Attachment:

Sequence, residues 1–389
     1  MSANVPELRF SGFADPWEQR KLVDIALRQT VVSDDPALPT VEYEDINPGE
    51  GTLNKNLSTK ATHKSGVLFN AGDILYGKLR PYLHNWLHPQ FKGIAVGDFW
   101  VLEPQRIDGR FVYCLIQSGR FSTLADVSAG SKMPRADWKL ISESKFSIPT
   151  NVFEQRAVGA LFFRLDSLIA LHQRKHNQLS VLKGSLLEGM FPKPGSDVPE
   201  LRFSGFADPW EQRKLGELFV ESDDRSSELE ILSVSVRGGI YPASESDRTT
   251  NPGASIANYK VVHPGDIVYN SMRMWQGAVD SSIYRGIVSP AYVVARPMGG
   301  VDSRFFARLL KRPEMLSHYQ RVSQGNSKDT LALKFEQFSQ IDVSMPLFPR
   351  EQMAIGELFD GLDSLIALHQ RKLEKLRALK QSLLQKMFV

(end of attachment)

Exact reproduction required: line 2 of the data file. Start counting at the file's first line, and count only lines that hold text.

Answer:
     1  MSANVPELRF SGFADPWEQR KLVDIALRQT VVSDDPALPT VEYEDINPGE